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Analyzing Messages

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Business Experimentation


April 16, 2012

Business Experimentation

The United States economy is dependent on services. Some businesses focus on products and not on services. Bank of America uses innovation to provide services people dependent on. The purpose of this experiment is to help Bank of America evaluate services that by changing a banks settings, will help improve customer satisfaction, generate higher revenue, productivity, and performance, these four items determine transaction and waiting times.

This critique will describe the independent and dependent variables of the experiment implemented by Bank of America and by analyzing the variable provide feedback on the reliability and validity to see if the outcome of the experiment is a good choice to implement.

Independent Variables

Bank of America took 20 of their 200 offices and used them as independent variables. They took these 20 banks and divided them into three different models. The first five banks were molded into "express centers", these where modern buildings allowing customers to do basic transactions, such as deposits and withdrawals (Thomke, 2003). The next five banks where given the title of "financial centers", these centers where spacious and relaxing allowing customer's access to highly trained staff. The centers allow access to new technology, allowing customers to access stock trading and managing stock portfolios. The remaining 10 banks had the title of "traditional centers." These banks kept the same appearance of the standard branches that provided conventional banking services, but with newer technology and a redesigned process for the transactions that take place. Essentially the bank gave the customer something to do or interact with while waiting in line (Thomke, 2003).

Dependent Variables

In this experiment, Bank of America gave four variables that need measuring after the implementation of the independent variables; they are customer satisfaction, generating higher revenue, productivity, and performance.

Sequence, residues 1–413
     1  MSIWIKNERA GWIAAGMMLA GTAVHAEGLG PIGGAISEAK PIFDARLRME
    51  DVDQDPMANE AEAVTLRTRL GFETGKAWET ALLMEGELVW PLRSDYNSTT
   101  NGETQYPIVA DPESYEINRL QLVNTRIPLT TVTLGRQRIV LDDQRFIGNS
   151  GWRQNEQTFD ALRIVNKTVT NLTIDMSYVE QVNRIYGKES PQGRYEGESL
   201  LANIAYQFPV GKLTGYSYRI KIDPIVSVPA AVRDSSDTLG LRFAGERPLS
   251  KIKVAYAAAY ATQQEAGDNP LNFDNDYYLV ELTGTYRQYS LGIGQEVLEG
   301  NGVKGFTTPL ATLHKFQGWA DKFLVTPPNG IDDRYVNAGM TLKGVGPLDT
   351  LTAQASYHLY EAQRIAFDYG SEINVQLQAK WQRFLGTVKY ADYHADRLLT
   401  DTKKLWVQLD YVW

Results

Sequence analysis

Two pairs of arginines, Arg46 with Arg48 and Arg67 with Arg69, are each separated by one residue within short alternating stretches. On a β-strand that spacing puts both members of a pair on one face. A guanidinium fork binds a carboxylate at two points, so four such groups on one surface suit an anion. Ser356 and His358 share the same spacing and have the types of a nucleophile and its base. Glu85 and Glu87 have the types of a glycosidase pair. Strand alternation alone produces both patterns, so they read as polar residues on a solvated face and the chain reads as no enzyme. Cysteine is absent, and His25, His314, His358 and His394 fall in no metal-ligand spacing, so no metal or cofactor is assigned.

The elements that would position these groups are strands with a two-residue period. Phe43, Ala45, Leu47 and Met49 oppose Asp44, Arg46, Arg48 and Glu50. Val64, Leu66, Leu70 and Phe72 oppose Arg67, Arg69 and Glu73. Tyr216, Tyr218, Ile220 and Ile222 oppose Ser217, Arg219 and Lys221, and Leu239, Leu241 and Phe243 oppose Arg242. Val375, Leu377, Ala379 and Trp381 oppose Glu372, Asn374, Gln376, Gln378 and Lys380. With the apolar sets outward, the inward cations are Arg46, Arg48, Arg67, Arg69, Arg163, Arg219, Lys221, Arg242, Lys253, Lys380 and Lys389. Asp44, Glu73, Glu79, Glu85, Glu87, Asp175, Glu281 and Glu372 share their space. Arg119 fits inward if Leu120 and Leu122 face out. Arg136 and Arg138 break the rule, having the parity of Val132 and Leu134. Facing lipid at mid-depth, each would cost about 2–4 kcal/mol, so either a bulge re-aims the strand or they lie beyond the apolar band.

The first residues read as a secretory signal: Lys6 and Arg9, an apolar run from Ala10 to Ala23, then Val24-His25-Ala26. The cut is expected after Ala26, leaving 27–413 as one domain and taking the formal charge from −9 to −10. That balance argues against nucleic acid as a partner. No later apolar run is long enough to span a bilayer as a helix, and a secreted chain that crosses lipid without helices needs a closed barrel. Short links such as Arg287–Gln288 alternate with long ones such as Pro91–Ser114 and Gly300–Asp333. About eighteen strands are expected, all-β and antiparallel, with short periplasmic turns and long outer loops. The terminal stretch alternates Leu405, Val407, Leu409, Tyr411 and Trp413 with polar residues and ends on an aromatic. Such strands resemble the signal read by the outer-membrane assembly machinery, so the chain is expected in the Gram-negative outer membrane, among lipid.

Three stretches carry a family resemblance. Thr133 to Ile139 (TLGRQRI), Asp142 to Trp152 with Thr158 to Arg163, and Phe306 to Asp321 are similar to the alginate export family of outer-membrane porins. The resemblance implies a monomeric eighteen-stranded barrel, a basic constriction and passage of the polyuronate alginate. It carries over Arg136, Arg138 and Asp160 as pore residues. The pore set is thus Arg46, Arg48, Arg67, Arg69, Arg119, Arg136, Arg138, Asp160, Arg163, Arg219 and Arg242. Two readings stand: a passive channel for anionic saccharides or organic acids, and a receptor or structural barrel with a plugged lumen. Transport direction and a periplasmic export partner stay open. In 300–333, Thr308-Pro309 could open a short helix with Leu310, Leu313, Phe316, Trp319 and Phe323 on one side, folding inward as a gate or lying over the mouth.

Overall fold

In this study, one measure of customer satisfaction was "actual versus perceived waiting time" (Thomke, 2003, p. 76). The bank applied the use of television at two of the branches, one at a traditional center and one at a control branch. After a specific period, the customers perceived that their waiting time dropped from 32% to 15% at the traditional center. During that same time, the control branch saw an increase in time from 15% to 26%. With the data, the Innovation and Design team had to prove if this specific tactic would increase revenue. From previous studies, the team knew that for every one-point improvement would add revenue from each household by increasing customer purchases and retention. This would give a branch "with 10,000 customers an increase of revenues", exactly what the bank wanted. Therefore, if the team increased it by two points, projections would give a 5.9-point increase with customer satisfaction (Thomke, 2003, p. 76).

With any change in a company, some employees are happy some are not. Bank of America changed the pay scale in the test branches to accommodate the training that went along with the changes. The change gave the employees the opportunity to earn bonus points on performance and productivity it also caused problems. The problem was some employees would leave their post to help new customers; this would give them the opportunity



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